The case was finally submitted to the jury at 4:15 p. m., April 23, 1886, and at 9 p. m. the jury returned a verdict of guilty of murder in the first degree.

On June 2, 1886, Bowers was sentenced to be hanged, but the case was appealed to the Supreme Court. This Court was not entirely satisfied with the sufficiency of the evidence against Bowers and handed down a decision ordering a new trial. Shortly before this decision was handed down the most remarkable feature of the case occurred.

The Mysterious Death of Henry Benhayon

(Victim #4?)

Henry Benhayon, Mrs. Cecelia Bowers’ half-brother, was apprenticed to a stone cutter in Sacramento when he was about fifteen years of age, and although he became an expert at an early age, he tired of the work and accompanied his family to San Francisco. He then became “stage struck” and took lessons in elocution. He recited at lodge meetings and amateur entertainments and showed a predilection for the powerful, villain type of recitation. He once appeared in “Richard III,” but realizing that he was an utter failure, he made no further attempts in that direction. After this he sought no permanent employment, but lived off of Mrs. Bowers and his mother a great deal of the time.

On Sunday, October 23, 1887, the Coroner was notified that the body of a dead man had been found in room 21 of a lodging-house located at 22 Geary Street. The officials proceeded at once to the place and the landlady, Mrs. Higgson, conducted them to the room and on the bed the body of a young man apparently about 27 years old was found. He was laid out as though prepared for a coffin, and the bed clothing was in no manner disturbed. The landlady said that she had never seen the man before.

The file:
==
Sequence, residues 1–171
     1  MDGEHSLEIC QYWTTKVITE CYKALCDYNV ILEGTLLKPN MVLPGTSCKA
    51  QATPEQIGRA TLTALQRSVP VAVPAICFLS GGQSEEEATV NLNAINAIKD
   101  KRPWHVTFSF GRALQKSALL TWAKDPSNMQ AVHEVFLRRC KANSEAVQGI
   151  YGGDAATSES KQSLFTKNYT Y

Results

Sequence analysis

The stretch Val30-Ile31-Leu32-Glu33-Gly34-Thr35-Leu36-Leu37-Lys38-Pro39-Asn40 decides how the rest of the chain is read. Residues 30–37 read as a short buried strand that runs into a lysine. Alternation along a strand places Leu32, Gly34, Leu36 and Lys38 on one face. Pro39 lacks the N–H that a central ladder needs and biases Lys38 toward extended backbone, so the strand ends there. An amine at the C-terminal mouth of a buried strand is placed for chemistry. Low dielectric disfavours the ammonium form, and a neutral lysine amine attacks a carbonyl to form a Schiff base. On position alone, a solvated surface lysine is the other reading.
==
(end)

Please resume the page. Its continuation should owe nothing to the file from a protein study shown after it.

Shortly afterward the remains were identified as those of Henry Benhayon, the brother of the late Mrs. Bowers. Three bottles were found in the room, one containing whiskey, one chloroform liniment and a third cyanide of potassium with the label removed; all bottles being corked.

Three letters were also found in the room, one being addressed to the San Francisco Chronicle, which read as follows:

To the Editor of the Chronicle:

Sir: Enclosed find $1.00 to pay for this advertisement and the balance as a reward. I will call in a few days.

Yours truly,

Oct. 21, 1887. 

HENRY BENHAYON.”

The advertisement read as follows :

“Lost, Oct. 20th, near the City Hall, a memorandum book with a letter. A liberal reward will be paid if left at this office.”